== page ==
Eric Paley wrote a great post on TechCrunch (Wasting time with the Joneses) over the weekend about the temptation for startups to raise as much money as their competitors just for the sake of raising money. Eric explains in much better detail than I possibly could that this is a terrible idea.
One symptom of this disease (brought on by too much capital in the market) is that the traditional “Use of Funds” slide in a founder’s pitch has fallen by the wayside. Most pitches I see these days approach use of funds as a total afterthought. If they include the slide at all, its something like 70% for hiring, 20% for marketing and 10% for cushion, full stop.
Seeing so little thought go into how the company might use the money they’re raising is a huge red flag. If you don’t really know how to use the money but you’ve raised a boatload, you will be under pressure to spend it and if you are under pressure to spend it without a plan, you are going to spend it poorly. In these cases you will often see founders spending the money on a hiring binge. Hiring is the easy/lazy solution to a problem. If you can’t think of a nuanced solution, just brute force it with more people.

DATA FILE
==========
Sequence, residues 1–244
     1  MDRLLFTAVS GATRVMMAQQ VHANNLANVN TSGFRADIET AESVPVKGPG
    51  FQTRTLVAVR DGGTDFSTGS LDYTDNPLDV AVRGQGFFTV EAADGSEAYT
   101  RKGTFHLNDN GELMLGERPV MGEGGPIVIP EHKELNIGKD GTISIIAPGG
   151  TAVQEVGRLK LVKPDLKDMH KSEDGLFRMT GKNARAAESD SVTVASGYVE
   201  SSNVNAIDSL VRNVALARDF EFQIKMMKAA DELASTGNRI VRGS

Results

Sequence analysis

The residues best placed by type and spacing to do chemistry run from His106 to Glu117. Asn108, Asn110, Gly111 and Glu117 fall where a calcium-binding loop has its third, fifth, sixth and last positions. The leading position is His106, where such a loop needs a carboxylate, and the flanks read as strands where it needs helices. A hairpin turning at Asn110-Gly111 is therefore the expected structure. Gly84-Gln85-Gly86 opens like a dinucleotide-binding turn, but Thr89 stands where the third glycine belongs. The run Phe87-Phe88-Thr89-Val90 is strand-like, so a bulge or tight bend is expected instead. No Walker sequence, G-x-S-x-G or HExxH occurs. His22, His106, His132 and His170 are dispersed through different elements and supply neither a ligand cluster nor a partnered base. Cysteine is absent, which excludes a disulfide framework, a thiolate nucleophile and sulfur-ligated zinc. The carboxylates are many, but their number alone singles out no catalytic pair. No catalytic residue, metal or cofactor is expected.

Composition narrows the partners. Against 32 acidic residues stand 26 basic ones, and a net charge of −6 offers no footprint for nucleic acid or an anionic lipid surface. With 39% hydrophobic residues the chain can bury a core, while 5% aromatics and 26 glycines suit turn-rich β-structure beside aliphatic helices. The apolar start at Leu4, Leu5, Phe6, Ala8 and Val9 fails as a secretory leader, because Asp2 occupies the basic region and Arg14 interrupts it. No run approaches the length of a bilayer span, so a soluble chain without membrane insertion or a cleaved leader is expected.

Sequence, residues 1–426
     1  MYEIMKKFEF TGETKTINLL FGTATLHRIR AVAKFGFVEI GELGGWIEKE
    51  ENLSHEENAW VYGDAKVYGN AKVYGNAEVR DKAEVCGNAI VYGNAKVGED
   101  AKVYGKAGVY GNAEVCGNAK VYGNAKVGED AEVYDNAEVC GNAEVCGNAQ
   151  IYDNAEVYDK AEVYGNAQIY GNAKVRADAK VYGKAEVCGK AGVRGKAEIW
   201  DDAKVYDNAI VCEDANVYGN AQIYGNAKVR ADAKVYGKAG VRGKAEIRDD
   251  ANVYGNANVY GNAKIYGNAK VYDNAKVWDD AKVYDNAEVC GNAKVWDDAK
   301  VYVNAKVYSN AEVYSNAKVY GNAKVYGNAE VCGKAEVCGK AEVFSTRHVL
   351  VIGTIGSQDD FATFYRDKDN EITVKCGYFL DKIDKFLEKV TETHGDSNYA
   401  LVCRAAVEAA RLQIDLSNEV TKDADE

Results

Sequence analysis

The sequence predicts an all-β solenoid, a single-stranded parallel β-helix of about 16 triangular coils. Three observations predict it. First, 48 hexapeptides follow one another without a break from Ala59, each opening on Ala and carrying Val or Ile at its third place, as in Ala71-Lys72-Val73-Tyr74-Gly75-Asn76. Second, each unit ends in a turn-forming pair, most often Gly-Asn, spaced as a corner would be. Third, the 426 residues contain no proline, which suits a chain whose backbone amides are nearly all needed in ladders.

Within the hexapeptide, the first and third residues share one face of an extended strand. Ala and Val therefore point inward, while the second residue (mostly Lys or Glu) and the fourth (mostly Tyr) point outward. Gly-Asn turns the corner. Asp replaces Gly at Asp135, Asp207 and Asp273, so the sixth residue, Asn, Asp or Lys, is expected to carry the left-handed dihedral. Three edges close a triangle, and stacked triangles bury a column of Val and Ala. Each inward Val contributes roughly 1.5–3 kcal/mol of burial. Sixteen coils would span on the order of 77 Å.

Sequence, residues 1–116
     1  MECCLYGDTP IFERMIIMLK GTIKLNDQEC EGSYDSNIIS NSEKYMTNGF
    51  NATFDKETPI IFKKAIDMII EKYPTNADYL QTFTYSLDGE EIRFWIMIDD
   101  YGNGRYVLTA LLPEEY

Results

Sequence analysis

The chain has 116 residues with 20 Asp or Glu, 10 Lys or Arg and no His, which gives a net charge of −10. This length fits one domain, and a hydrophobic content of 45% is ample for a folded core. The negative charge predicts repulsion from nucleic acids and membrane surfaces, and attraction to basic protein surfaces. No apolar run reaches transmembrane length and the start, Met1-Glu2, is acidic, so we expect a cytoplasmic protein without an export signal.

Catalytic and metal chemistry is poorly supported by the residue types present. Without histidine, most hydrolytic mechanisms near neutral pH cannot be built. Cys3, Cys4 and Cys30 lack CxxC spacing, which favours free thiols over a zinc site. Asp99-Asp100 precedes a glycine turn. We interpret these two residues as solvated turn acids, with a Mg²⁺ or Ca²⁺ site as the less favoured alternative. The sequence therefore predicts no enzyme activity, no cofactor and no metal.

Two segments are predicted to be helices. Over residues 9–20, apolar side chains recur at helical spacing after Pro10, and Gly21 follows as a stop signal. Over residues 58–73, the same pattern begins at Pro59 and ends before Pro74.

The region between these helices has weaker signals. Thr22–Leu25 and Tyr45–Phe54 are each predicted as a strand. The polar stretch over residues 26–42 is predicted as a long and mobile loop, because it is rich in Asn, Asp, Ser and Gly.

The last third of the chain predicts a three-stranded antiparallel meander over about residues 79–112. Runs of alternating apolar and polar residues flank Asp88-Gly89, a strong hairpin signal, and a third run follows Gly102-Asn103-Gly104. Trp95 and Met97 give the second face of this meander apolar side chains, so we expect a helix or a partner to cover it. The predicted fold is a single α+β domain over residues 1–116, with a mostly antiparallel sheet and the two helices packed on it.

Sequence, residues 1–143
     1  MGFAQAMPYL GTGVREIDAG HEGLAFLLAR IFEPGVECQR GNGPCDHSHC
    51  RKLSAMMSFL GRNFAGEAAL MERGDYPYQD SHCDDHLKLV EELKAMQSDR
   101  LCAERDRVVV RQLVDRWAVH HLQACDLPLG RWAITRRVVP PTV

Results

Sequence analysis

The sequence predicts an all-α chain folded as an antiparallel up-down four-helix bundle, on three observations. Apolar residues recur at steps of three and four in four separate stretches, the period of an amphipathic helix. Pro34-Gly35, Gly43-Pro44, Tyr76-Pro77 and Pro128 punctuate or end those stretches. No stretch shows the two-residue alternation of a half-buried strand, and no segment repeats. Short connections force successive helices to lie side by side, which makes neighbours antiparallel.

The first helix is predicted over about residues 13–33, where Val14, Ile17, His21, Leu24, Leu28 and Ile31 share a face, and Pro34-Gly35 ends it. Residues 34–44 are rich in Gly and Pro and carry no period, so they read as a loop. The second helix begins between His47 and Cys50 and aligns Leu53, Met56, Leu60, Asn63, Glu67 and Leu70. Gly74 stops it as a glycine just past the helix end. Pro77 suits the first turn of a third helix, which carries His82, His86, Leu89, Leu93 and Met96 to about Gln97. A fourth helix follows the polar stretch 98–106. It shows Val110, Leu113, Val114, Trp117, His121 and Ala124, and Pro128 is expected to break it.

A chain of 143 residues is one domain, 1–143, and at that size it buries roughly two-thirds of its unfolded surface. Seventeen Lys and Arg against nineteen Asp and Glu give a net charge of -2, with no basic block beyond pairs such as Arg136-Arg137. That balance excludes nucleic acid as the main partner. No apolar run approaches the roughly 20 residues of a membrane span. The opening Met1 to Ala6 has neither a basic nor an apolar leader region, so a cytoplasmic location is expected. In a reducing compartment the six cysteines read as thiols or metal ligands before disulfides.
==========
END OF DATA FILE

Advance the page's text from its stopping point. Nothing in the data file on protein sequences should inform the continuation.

I think founders are afraid of putting their real needs/projections to paper. They worry that they won’t know exactly how to spend the money or that we might pick apart their strategy. As Field Marshall Helmuth Von Moltke once said, “no plan of operations extends with any certainty beyond first contact with the main hostile force.” I don’t expect founders to actually spend the funds exactly as they had planned. Stuff happens and founders need to be dynamic, they need to adapt on the fly. The point is, I want to know that the founders have put thought into what they are doing and aren’t just raising capital out of fear.
Final thought, don’t raise money unless you need it and if you do need it, make sure you understand why.